For extra motivation, the agent writes a cheque
(sometimes to someone they dislike) and it is
dated to match the end of the sales period.
If the target is met then the cheque is
destroyed. If it is not, the agent incurs a cost
to failing to meet the objective.
Appreciate that this is almost always vol-
untary but the principle of loss aversion pro-
vides a level of motivation that oftentimes
leads to success.
It is the dislike for losses---paying out a sum
of money---as opposed to the monetary gain
from meeting the sales target that tips the
scale. A number of innovative ways can be
used to apply this logic.
For example, a group of friends who all want
to lose weight can each set individuals targets
and offer up a sum of money. If everyone
meets their target then everyone gets back
their money. However, if anyone fails to achieve
what they set out, then their contribution is
shared amongst those who succeeded.
The fundamental difference between reward-
ing yourself versus punishment is that the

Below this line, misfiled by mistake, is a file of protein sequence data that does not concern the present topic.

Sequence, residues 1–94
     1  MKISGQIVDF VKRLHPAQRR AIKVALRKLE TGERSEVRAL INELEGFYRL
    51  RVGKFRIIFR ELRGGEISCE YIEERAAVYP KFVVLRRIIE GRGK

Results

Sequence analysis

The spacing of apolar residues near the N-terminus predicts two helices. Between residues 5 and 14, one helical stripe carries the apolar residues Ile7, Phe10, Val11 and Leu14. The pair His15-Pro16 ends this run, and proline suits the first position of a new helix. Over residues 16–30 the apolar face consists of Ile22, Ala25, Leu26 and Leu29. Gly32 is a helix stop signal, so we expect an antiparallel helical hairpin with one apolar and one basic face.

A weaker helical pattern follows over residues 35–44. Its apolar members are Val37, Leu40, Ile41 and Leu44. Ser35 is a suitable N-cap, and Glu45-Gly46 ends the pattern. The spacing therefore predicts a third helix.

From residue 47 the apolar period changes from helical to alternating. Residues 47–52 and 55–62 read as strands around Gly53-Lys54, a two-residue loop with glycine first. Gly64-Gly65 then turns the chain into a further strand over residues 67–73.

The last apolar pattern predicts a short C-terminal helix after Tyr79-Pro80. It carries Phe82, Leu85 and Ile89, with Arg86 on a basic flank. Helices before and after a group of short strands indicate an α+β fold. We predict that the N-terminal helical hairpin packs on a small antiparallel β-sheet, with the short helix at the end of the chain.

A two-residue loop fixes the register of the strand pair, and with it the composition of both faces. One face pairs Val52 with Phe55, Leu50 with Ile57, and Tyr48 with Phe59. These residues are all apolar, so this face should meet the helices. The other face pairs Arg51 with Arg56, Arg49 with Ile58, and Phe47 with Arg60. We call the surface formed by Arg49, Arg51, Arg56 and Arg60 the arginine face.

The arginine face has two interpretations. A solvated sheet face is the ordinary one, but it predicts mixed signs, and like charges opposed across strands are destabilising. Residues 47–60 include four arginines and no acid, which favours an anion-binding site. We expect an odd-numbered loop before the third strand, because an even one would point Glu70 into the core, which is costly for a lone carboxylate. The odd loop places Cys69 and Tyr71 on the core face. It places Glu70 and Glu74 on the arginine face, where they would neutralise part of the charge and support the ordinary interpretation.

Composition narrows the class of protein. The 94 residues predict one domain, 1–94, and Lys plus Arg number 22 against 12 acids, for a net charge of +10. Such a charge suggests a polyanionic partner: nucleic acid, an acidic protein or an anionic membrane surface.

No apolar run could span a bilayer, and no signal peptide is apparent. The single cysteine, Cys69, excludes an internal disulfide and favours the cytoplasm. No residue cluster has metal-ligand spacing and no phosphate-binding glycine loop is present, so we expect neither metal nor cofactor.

reward factor works better for short-term goals
while punishment or loss aversion tactic works
well in the long term. Of course, everyone is
different and these are general points.
In the end, the most important take away
is that you need to take charge of your financial
Recognise that money is the outcome of
other relationships and how you use money
depends on how much you can save and invest.
If you choose to live an unhealthy lifestyle and
end up with high medical costs, it is not
because you don t have enough money but
because you choose a particular lifestyle.
Once you appreciate that and resolve to
approach life differently, financial resources
become more available. Consistently putting
those financial resources to work---whether
through saving or investing---will have a bigger
impact on your financial wellbeing than the
price of oil, the performance of the stock mar-
ket or the stage of the economic cycle.
Focus on what you can control. It s a new
year, the choice is yours: now is the time to
act.Ian Narine can be contacted via email at
Your financial resolutions
BUSINESS GUARDIAN www.guardian.co.tt JANUARY 7 • 2016